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Percival Lowell in his Flagstaff observatory.

Percival Lowell in his Flagstaff observatory.

This is Percival Lowell, founder of Flagstaff’s Lowell Observatory and early-day astronomer. He spent the better part of a lifetime probing the solar system — gazing into the lens of this Clark 24-inch refractor telescope (now a registered national historic landmark) from atop Mars Hill in Flagstaff.

Born of affluent parents (the city of Lowell, Massachusetts, bears the family name) in the Boston suburb of Brookline in 1855, Lowell’s upbringing mirrored his family’s wealth and social position. Young Percival was sent to preparatory schools in France and graduated Phi Beta Kappa from Harvard.

Lowell recalled that his interest in astronomy dated to his youth. He read books about astronomy and gazed at the stars through a telescope on the roof of the family home. With little formal training in the discipline, Lowell decided at age 39 to devote the remainder of his life to astronomy — particularly the study of Mars — and during the next two decades, he amassed data, photographs, books, scientific papers and articles about the planet. He was convinced life existed on Mars.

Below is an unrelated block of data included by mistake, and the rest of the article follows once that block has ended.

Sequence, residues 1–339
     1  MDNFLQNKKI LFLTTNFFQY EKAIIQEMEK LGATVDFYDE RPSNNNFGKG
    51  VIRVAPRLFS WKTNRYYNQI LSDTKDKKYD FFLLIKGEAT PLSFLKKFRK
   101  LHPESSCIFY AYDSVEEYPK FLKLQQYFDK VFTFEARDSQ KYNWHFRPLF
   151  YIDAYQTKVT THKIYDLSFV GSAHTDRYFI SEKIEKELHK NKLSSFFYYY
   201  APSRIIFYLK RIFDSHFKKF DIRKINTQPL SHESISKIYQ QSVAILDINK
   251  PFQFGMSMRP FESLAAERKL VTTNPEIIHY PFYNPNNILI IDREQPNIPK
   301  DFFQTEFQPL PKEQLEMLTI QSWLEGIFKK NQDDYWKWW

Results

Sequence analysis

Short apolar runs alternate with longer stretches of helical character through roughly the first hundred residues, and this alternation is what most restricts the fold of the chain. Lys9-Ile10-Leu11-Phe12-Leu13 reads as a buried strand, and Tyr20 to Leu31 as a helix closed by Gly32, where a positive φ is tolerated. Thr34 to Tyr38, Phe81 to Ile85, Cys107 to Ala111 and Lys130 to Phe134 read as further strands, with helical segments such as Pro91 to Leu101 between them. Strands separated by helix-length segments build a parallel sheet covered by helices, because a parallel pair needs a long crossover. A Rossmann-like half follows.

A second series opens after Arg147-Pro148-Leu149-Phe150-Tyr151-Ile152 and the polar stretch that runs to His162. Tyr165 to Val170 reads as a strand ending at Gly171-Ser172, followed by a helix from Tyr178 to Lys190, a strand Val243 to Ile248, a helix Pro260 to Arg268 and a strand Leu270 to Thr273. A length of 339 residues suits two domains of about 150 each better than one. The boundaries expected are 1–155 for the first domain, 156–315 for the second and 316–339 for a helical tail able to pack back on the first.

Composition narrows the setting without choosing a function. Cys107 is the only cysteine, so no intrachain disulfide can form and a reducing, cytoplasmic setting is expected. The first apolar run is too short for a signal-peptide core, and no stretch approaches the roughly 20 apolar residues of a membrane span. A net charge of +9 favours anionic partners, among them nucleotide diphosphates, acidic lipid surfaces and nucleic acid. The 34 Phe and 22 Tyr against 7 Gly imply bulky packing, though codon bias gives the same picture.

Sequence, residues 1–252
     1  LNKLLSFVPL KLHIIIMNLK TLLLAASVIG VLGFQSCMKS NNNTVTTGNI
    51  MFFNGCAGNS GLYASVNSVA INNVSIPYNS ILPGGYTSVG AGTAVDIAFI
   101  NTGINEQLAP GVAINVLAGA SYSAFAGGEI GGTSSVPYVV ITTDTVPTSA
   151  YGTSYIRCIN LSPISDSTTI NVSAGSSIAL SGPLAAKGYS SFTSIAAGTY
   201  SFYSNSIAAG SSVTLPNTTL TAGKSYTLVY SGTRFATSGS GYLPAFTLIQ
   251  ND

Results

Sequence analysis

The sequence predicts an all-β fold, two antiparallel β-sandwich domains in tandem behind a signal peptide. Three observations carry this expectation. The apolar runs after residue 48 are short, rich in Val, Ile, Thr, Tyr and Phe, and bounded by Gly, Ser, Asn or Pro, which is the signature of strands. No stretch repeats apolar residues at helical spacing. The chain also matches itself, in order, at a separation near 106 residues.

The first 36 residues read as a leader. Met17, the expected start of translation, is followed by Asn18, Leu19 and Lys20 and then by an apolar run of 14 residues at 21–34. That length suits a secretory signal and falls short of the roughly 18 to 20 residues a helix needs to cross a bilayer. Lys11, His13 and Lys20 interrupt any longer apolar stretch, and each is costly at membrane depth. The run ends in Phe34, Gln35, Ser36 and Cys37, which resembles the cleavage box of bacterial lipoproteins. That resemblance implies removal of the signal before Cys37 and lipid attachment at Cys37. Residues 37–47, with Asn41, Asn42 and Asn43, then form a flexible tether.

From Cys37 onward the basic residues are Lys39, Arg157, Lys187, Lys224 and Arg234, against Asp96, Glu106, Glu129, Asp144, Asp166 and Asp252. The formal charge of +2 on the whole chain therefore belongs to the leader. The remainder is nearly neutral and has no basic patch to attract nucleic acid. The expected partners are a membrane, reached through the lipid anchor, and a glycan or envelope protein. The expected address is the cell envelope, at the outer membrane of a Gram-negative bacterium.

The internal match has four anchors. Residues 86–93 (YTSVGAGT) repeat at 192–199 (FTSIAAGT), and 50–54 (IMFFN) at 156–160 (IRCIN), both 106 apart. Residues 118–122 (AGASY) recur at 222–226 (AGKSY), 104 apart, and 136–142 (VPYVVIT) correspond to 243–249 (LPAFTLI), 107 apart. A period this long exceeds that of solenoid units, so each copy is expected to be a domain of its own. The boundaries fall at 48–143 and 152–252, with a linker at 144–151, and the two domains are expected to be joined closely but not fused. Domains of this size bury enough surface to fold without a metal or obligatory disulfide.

Using the rudimentary equipment available, he could see what appeared to be ice caps, oceans, lakes and even continents on the planet. Given the stimulus of such observations — incorrect as they would prove to be — it did not require a great leap of imagination to assume the existence of life forms on Mars.

In 1894, when the planet was close to Earth, Lowell dispatched A.E. Douglass to the Western United States to find a site for an observatory. Tucson was given serious consideration, but ultimately Flagstaff was chosen and Lowell Observatory built.

Lowell was not a man to hide his wealth and lived in Flagstaff in opulent grandeur. He was rarely seen except as he appears in this photo — in a starched white shirt and three-piece suit. Those fortunate enough to share his table dined lavishly. Lowell set himself a grueling work schedule of regular observations of Mars. In 1897, the huge workload finally caught up with him, and he suffered a breakdown from nervous exhaustion.

Not until 1901 was he well enough to return to his work, which continued unabated until his death in 1916. In addition to his observations of Mars, Lowell contended there was a planet beyond Neptune. Fourteen years after his death, in 1930, the then-declared ninth planet in the solar system — Pluto — was discovered at Lowell Observatory, ensuring that the institution bearing his name would be immortalized in history books the world over.

— Arizona Capitol Times archive. Photo courtesy Lowell observatory, Flagstaff.

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